FluentU takes real-world videos—like music videos, movie trailers, news and inspiring talks—and turns them into personalized language learning lessons.

    Each video comes with interactive captions so you can click on words (such as direction vocabulary) and find out more about them and see them used in additional videos. With FluentU, you can also add words to customizable vocab lists, practice them with flashcards and test your knowledge of them with quizzes.
  • Listen for the main terms. Usually, you won’t be able to catch everything that someone says in your non-native language. So, instead, focus on the words that you do know. Pick those out and use them to get the gist of the conversation. Walk into the conversation being okay with not understanding everything.
  • Don’t be afraid to ask for the speaker to repeat. If you don’t understand something, don’t pretend that you do. That doesn’t help anyone. Don’t be afraid to ask again until you have a solid idea of what the other person is saying. Otherwise, you’ll have to go through the same thing with someone else after getting lost again. Here’s a simple phrase you can use when you’re lost in the conversation: すみません。もう一度お願いします。 (すみません。もういちどおねがいします。) — Sorry, can you please repeat that?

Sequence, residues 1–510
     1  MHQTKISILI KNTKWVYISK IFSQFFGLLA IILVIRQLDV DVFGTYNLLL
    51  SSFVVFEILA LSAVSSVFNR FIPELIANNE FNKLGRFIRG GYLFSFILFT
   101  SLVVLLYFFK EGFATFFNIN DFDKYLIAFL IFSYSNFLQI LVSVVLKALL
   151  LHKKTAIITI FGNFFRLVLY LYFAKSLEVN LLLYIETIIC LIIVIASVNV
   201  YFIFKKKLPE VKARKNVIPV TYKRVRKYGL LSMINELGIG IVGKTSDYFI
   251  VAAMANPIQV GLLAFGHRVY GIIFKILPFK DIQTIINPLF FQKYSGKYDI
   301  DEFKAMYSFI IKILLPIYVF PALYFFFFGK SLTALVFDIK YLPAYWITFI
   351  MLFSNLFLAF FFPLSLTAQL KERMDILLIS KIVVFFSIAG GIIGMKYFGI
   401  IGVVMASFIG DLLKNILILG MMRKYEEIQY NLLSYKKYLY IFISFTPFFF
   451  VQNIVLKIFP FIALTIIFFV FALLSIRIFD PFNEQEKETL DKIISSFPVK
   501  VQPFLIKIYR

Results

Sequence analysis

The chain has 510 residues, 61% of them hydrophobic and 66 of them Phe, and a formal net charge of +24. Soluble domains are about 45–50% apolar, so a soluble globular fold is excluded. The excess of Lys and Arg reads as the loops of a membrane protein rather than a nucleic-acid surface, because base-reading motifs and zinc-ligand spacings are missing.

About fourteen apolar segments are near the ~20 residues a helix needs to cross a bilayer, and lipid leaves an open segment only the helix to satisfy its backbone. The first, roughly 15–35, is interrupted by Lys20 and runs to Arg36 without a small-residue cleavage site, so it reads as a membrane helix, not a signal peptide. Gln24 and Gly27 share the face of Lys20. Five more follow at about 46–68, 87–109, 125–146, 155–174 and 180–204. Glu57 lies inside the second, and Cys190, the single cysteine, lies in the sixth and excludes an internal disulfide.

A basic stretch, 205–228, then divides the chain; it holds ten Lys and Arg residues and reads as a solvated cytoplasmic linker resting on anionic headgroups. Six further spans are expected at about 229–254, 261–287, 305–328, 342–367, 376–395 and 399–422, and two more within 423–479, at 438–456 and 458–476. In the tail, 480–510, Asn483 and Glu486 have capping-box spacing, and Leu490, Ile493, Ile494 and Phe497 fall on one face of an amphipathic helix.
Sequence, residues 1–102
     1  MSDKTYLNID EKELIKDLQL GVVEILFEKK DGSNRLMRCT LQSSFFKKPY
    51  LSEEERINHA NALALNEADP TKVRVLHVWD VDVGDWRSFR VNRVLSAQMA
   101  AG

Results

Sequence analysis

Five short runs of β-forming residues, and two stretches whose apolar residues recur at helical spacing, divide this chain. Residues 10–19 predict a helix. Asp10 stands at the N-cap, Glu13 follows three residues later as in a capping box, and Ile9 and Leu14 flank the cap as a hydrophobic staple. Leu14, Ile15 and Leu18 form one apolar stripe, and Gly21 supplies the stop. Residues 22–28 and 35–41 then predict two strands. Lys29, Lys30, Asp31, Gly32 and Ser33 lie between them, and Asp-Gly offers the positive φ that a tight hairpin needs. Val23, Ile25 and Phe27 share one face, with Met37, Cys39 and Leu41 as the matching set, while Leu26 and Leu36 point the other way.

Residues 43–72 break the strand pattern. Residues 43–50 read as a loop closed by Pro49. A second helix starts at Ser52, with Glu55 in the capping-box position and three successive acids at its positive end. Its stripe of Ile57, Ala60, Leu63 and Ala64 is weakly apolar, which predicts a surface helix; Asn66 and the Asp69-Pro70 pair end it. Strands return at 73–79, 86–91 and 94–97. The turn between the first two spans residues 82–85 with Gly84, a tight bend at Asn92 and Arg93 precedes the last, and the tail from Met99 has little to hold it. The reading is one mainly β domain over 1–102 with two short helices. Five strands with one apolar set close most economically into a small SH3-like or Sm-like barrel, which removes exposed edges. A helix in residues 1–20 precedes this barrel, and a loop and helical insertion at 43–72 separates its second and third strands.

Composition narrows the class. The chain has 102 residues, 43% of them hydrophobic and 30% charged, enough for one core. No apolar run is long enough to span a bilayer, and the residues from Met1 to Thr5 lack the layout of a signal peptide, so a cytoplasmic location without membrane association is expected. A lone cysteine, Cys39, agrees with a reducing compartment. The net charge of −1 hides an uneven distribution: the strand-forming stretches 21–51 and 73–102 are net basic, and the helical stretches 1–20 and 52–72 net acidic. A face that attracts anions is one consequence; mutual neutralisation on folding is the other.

• At first, use simple words and phrases that are hard to mess up. When it comes to speaking, you can’t go wrong with simple phrases. After using them a couple of times, you’ll feel more comfortable with them and can start to expand your vocabulary to include more difficult words. Memorize a handful of words and phrases about directions, and you’ll enter the conversation with confidence. You don’t need to know everything, just enough. Let’s explore these basic phrases in the next section.

Asking for Directions in Japanese: Find Your Way to Fluency with These 35+ Words and Phrases

Basic Direction Words

Here are some essential Japanese words you need to know when asking for directions!

  • (ひだり): left
  • (みぎ): right
  • 真っ直ぐ (まっすぐ): straight
  • (きた): north
  • (みなみ): south
  • (ひがし): east
  • 西 (にし): west
  • 曲がる (まがる): turn
  • (となり)に: next to
  • 後ろ (うしろ)に: behind
  • (まえ)に: in front of
  • 向こう側 (むこうがわ)に: across from
  • その近く (そのちかく)に: nearby
  • 遠い (とおい): far
  • 行く (いく): to go
  • 止まる (とまる): to stop
  • ~まで: until this point
  • 交差点 (こうさてん): intersection
  • (みち): road
  • 看板 (かんばん): sign
  • バス: bus
  • 地下鉄 (ちかてつ): subway
  • 電車 (でんしゃ): train
  • トイレ: bathroom
  • ホテル: hotel
  • コンビニ: convenience store (This one is on our list because, surprisingly, you can do a lot of things at a convenience store in Japan, so you’re likely going to need to visit one at some point during your travels!)